Harvesting of early Aman varieties begins
The harvesting of early Aman paddy varieties has begun in five northern districts, namely Lalmonirhat, Kurigram, Gaibandha, Nilphamari, and Rangpur, a relief amid rising prices of rice at home and a growing threat of food crisis globally.
Abu Bakkar Siddique, deputy director of the Department of Agricultural Extension (DAE) in Nilphamari, inaugurated the harvesting of the second-largest paddy crop in Bangladesh on September 13 amid enthusiasm in the district.
Aman is regarded as a magical crop as it helped eliminate the localised food crisis known as Monga in the northern region of the country.
The term Monga had been in use for long in the region to mean a near famine from the middle of July to the middle of October. This was because after the completion of transplanting Aman seedlings, farm workers used to become unemployed.
As a result, they could not buy foodstuff for their families and hence passed days unfed or half-fed.
The economic scenario in the industrially underdeveloped northern region changed dramatically more than a decade ago after the Bangladesh Rice Research Institute started introducing the early varieties of the crop
The economic scenario in the industrially underdeveloped northern region changed dramatically more than a decade ago after the Bangladesh Rice Research Institute (BRRI) started introducing the early varieties of the crop.
The varieties include BRRI paddy-33, BRRI-38, BRRI paddy-57, BINA paddy-7, China paddy, and some other high-yielding crops. They have gained popularity as they take only 90 to 100 days to mature compared to 140 to 150 days needed by traditional varieties to ripen, according to Obaidur Rahman, deputy director of the DAE in Rangpur.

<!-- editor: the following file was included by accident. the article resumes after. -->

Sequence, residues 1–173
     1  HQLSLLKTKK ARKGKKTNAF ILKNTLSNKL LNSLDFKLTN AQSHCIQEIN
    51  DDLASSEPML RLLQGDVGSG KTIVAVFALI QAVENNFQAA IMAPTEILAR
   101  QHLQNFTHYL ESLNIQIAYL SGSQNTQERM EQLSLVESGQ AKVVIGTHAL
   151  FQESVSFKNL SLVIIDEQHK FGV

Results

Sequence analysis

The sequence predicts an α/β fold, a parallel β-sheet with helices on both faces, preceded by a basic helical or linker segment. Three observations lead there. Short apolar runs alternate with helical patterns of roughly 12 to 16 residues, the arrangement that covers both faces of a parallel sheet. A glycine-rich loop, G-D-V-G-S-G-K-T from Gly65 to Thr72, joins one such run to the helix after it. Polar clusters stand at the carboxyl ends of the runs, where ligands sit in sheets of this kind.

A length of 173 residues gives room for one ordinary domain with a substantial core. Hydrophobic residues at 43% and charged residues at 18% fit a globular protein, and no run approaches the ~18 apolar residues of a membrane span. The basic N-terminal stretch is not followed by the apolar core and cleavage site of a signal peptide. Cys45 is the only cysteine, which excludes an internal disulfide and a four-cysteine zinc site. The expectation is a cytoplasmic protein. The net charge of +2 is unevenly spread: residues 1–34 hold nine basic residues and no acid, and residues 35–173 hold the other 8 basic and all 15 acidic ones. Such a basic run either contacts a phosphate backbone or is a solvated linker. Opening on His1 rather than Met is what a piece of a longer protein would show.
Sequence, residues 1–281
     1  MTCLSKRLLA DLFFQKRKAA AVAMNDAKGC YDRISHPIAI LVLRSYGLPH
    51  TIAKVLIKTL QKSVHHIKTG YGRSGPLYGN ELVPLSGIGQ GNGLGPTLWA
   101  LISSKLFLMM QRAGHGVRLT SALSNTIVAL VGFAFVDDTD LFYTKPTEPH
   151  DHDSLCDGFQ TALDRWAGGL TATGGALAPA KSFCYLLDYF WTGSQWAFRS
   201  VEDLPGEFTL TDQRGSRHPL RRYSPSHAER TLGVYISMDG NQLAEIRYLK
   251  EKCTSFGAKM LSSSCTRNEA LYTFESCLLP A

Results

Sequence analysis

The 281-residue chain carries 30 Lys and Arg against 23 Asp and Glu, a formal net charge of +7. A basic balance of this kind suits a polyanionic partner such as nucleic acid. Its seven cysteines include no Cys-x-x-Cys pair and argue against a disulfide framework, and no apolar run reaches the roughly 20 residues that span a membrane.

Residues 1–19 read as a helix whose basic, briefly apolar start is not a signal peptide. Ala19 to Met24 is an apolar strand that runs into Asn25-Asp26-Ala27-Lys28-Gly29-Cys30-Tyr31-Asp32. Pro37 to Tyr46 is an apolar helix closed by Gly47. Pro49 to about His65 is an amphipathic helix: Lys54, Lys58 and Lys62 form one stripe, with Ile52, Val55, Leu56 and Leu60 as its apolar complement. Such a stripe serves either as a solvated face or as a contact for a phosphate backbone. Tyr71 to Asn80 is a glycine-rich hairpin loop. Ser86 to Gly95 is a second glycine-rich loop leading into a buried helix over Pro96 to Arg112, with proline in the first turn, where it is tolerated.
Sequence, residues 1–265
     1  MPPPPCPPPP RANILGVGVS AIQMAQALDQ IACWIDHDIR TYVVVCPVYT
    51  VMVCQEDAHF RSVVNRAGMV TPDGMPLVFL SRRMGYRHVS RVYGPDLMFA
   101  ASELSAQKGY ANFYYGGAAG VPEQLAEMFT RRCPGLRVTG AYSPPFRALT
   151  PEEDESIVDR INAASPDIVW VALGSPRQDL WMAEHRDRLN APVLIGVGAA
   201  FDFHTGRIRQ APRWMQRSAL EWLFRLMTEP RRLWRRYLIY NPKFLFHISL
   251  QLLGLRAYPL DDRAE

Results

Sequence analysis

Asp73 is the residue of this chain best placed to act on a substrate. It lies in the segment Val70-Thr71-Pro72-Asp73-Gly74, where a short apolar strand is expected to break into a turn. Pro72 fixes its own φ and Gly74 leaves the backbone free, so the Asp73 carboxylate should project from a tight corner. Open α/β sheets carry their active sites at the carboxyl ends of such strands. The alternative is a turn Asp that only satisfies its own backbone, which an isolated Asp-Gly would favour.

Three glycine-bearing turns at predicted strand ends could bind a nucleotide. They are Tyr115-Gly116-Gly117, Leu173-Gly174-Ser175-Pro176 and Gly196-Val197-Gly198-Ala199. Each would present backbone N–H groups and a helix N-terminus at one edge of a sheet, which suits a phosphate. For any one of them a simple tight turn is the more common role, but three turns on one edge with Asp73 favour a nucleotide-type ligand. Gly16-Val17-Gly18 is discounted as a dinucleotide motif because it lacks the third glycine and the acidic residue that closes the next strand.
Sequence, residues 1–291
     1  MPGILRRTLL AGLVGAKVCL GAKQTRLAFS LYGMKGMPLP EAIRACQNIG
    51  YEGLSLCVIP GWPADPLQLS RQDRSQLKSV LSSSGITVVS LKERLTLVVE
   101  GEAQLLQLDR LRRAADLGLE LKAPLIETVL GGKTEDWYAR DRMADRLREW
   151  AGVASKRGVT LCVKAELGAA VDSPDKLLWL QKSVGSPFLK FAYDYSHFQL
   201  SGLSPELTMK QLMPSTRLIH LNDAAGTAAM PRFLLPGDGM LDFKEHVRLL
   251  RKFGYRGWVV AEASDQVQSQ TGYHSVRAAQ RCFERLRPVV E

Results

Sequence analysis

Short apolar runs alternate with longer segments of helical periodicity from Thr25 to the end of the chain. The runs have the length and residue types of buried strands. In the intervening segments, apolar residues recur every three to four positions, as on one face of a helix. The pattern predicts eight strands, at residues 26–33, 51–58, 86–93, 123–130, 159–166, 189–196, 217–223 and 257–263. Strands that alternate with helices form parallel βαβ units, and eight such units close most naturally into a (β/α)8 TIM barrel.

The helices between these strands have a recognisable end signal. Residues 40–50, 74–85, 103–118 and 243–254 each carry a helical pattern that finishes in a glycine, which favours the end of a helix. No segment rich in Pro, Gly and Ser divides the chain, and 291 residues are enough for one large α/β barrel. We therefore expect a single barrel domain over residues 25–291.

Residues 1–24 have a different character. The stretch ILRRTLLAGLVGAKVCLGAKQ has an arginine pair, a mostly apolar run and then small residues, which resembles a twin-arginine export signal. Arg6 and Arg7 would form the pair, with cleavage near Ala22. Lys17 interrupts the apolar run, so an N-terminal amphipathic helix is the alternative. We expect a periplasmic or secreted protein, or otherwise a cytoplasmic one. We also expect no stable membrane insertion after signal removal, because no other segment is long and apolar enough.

The early varieties provide farmers additional two months, allowing them to cultivate potatoes twice before the beginning of the Boro season, which starts in April.
This year, Aman has been cultivated on 6.20 lakh hectares of land to produce 18.1 lakh tonnes of rice. Early varieties were sown on 1 lakh hectares of land, up 6 per cent from a year ago, said the regional office of the DAE in Rangpur.
Thanks to the harvesting, a festive mood is prevailing in the villages such as Muchirhat of Badarganj upazila and Kursha of Taraganj upazila in Rangpur, and Uttar Durahuti and Ramganj of Kishorganj and sadar upazila in Nilphamari.
Saiful Islam, a farmer in Muchirhat village, cultivated BRRI-38 on five bighas of land and received 80 maunds of paddy. One maund equals 40 kilogrammes.
He sold all of the paddies from the field and earned Tk 88,000 whereas he had to spend Tk 40,000 to cultivate them.
Islam said the production cost was higher than the previous year owing to an increase in the prices of diesel and fertilizer.
In Bangladesh, the government has had to adjust upwards the prices of diesel and fertiliser as their costs have rocketed internationally owing to the supply disruptions driven by the Russia-Ukraine war.
"The prices of paddies are also higher this year," the farmer said.
Binod Bihari Roy, a farmer in Ramganj village, said that after harvesting the early variety of the paddy, he has started preparing the land to grow potatoes.
The acreage under the cultivation of the early varieties of Aman is expanding fast in the region as farmers benefit from growing the crops during the lean period.
"This allows farmers to grow four crops in a year instead of three previously. And this means additional incomes for them," said Shah Alam, additional director of the regional office of the DAE in Rangpur, which covers the five districts.
The early harvesting came at a time when rice prices in Bangladesh have shot up.
Coarse rice price stood at Tk 49.50 per kg in August, the highest since 2008, data from the Food and Agriculture Organisation showed.
Globally, food prices in July were 13 per cent higher than a year ago, said a recent CNBC report, citing figures from the UN agency.